The F-16 program traces its history back to the Advanced Day Fighter requirement and later the Light Weight Fighter (LWF) program, and the Air Combat Fighter (ACF) program. On January 13, 1975, the Air Force selected the General Dynamics YF-16 as the winner of the ACF contest. The YF-16 was selected over the Northrop YF-17. Initially, five manufacturers had submitted proposals to build the LWF: Boeing, Northrop, General Dynamics, Ling-Temco-Vought (LTV), and Lockheed. In 1993, General Dynamics sold its aircraft manufacturing business, which included the F-16 production center and final assembly line in Fort Worth, TX, to Lockheed Corporation (now Lockheed Martin). The F-16 was built under an international agreement creating a consortium between the U.S. and the four NATO countries of Belgium, Denmark, the Netherlands and Norway. These countries jointly produced (with the United States) an initial 348 F-16 fighters for their respective air forces. The consortium's F-16s were assembled from components manufactured in all five countries, while final airframe assembly lines were located in Belgium and the Netherlands. Belgium also provided final assembly of the Pratt & Whitney F100 engine used in the European F-16s.


The F-16 has eleven weapon stations (hardpoints) and is capable of carrying a wide range of ordnance. The aircraft is equipped with an M61A1 Vulcan 20mm six-barreled gatling gun and carries AIM-9 Sidewinder missiles (incl. AIM-9X), AIM-120 AMRAAM, AIM-7 Sparrow, AGM-88 HARM, AGM-154 JSOW, AGM-158 JASSM, GBU-31/38 Joint Direct Attack Munitions (JDAM) and GBU-39 Small Diameter Bombs as well as several other types of ordnance.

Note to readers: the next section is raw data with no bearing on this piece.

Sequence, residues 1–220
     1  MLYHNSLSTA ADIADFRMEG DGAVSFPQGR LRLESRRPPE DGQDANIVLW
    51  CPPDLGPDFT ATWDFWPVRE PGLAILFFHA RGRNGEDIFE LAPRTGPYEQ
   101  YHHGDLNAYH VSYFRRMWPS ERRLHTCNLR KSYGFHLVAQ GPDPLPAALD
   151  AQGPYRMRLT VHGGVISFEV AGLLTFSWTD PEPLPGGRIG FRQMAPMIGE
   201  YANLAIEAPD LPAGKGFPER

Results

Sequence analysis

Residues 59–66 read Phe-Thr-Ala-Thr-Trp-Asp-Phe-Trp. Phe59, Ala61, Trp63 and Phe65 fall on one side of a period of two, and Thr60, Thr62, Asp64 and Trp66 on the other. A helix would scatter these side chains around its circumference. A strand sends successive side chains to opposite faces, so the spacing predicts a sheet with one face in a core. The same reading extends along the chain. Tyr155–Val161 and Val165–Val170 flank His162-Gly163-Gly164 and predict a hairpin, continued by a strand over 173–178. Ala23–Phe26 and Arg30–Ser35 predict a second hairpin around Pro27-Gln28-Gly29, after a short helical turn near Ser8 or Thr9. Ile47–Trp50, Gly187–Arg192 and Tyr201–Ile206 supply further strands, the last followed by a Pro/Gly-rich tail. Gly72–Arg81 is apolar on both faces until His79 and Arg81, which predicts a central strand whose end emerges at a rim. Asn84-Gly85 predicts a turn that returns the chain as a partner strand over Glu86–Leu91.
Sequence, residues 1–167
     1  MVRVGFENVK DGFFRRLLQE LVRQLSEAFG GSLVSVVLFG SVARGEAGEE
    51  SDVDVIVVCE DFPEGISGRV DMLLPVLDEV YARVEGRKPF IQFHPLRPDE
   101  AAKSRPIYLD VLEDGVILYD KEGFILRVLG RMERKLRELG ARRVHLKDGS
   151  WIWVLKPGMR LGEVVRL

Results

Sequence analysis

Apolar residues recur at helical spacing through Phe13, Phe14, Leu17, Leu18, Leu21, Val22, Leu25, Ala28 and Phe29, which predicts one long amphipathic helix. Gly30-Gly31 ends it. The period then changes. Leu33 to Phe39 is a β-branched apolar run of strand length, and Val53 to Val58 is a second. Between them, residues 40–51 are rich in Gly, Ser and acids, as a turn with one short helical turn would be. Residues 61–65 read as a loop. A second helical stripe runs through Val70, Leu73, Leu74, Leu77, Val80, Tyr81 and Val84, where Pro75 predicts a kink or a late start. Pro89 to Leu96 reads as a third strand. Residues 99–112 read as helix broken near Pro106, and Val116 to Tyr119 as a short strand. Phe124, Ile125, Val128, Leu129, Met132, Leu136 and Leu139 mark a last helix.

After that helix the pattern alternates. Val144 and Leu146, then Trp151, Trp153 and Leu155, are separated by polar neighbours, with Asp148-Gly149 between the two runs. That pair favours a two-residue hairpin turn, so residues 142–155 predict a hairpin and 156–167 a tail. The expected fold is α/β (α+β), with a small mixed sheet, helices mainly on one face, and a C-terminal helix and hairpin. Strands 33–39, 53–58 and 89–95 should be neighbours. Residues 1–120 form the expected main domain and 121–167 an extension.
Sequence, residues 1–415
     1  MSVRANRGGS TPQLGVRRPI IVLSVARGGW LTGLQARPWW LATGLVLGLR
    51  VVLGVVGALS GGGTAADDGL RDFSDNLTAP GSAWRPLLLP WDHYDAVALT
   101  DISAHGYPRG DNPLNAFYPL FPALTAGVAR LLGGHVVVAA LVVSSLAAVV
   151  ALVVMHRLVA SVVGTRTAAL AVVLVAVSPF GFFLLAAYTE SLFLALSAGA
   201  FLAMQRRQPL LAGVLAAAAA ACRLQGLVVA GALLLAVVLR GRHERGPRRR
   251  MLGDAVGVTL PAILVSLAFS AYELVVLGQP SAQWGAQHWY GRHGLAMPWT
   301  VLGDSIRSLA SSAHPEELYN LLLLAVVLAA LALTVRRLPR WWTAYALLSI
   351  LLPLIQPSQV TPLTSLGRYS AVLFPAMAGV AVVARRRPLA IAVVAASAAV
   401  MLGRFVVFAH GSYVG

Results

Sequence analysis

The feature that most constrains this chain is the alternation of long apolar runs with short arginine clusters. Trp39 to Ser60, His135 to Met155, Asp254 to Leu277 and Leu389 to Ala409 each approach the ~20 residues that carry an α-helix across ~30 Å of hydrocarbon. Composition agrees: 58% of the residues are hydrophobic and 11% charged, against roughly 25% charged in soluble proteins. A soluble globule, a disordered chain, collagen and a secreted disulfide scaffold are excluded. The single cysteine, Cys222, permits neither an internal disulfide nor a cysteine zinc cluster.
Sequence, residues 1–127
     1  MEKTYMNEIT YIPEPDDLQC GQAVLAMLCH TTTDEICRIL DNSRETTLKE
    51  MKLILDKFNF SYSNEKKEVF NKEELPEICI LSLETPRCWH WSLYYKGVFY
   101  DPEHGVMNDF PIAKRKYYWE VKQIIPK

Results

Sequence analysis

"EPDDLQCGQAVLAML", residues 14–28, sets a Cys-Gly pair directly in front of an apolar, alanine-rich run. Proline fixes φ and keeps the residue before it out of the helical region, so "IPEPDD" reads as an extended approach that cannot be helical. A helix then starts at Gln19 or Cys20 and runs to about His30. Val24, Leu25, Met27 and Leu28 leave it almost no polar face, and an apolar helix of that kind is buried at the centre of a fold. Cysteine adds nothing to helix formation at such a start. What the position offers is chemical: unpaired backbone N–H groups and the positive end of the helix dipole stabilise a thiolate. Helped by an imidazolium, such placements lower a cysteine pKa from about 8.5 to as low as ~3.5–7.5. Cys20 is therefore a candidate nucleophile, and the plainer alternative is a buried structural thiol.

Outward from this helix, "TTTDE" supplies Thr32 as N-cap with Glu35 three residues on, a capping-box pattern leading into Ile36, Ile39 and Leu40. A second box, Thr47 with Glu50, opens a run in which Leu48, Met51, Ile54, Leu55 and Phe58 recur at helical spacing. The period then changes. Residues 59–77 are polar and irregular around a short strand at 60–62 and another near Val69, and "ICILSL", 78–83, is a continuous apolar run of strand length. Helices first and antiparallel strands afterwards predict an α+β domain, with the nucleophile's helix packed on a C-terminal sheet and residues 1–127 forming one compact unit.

The F-16 Fighting Falcon is a light weight, high performance, multi-role fighter capable of performing a broad spectrum of tactical air warfare tasks at affordable cost well into the 21st century. F-16 aircraft provide a high-performance air-to-air and air-to-surface attack capability.

FY 2021 & FY 2022 - F-16 DoD Program:

This data is available in Forecast International's U.S. Defense Budget Forecast, a comprehensive analytical database containing historical and forecast budget figures, year-to-year funding comparisons, congressional budget markups, program justification documents, and much more.

Sources: U.S. Department of Defense (DoD), Lockheed Martin Corp.,
Northrop Grumman Corp., and F-16.net.

Military Aircraft Forecast:

Complete and detailed information, including production forecast data, is provided in our Market Intelligence Service: Military Aircraft Forecast.

Forecast International Budget Data:

With Forecast International's U.S. Defense Budget Forecast, you not only get the latest program news, the DoD funding, worldwide inventories and planned quantities, long range forecasts, but most important – an expert's rationale for all programs and the overall market.

DoD Spending in FY 2018, FY 2019, FY 2020, FY 2021 and FY 2022 + 5-year forecast

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Military Aircraft Forecast